This past Monday, over 75 wine buyers, writers and sommeliers gathered to participate in a remake of the 1976 Judgment of Paris, dubbed the Berlin Tasting. The Judgment of Paris was a wine competition organized by a British wine merchant named Steven Spurrier, designed to pit top-quality French and American Chardonnays and Cabernet Sauvignons against one another. At the time, Spurrier only sold French wine.
The Paris tasting prompted these follow-up tastings: The San Francisco Tasting of 1978, The French Culinary Institute Tasting of 1986, The Wine Spectator Tasting of 1986 and The 30th Anniversary Paris Judgment Tasting, which took place simultaneously in both Napa and London.
Each time, American wines came out on top. Back in 1976, this upset made the cover of Time magazine (the reporter, George M. Taber, was there Monday, too), while being ignored by the French press. The 2008 movie, Bottle Shock, was inspired by this tasting as well. Regardless of your opinion on subjectivity of taste and statistical interpretation, these events were a boon for new world wines.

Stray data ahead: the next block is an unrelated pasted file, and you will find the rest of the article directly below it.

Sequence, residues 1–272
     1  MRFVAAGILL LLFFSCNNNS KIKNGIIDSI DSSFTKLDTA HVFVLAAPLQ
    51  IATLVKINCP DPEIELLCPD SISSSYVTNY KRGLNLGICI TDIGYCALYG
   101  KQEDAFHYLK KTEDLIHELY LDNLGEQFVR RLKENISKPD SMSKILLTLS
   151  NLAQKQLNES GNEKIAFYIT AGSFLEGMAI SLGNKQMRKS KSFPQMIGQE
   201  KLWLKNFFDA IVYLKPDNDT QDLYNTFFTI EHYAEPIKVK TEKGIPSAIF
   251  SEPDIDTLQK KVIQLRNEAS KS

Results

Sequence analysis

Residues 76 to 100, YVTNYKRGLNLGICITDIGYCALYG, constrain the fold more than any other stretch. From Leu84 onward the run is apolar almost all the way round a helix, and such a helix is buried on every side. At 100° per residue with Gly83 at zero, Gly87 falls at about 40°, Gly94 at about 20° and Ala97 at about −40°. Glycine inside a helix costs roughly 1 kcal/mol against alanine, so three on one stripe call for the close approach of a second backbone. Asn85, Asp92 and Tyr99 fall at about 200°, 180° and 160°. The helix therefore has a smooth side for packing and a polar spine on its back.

Eduardo Chadwick, the President of Viña Errazuriz, wanted to see if this could work for Chilean wines and with the help of Spurrier, organized a tasting in Berlin in 2004, pitting his wine against top French and Italian wine. These tastings were repeated year after year, from Brazil to Tokyo to Toronto to Copenhagen, finally arriving in New York this week.
The results from the group:
1. Kai by Errazuriz (87% Carmenère, 9% Petit Verdot, 4% Shiraz)
2. Opus One
3. Château Haut-Brion
4. Don Maximiano Founder’s Reserve by Errazuriz (82% Cabernet Sauvignon, 8% Cabernet Franc, 5% Petit Verdot, 5% Shiraz)
5. Château Lafite Rothschild
6. La Cumbre by Errazuriz (97% Shiraz, 3% Petit Verdot)
7. Seña by Errazuriz (55% Cabernet Sauvignon, 16% Merlot, 13% Petit Verdot, 10% Carmenère, 6% Cabernet Franc)
8. Stag’s Leap SLV
9. there was a tie here: Sassicaia and Viñedo Chadwick by Errazuriz (100% Cabernet Sauvignon)
My top pick was also the Kai. My #2 was the Stag’s Leap and my #3 was the Seña. Spurrier’s top pick was the Chadwick and his #2 was the Kai.
Were some of these wines not ready to drink yet? Sure. You might also think to yourself, with 5 out of the 10 wines from Chile (from the same producer), how badly could they fare?
All that being said, had you asked anyone on the way in, I highly doubt he or she would have anticipated that a Carmenère-based wine from Chile would beat out heavy-hitters from around the world.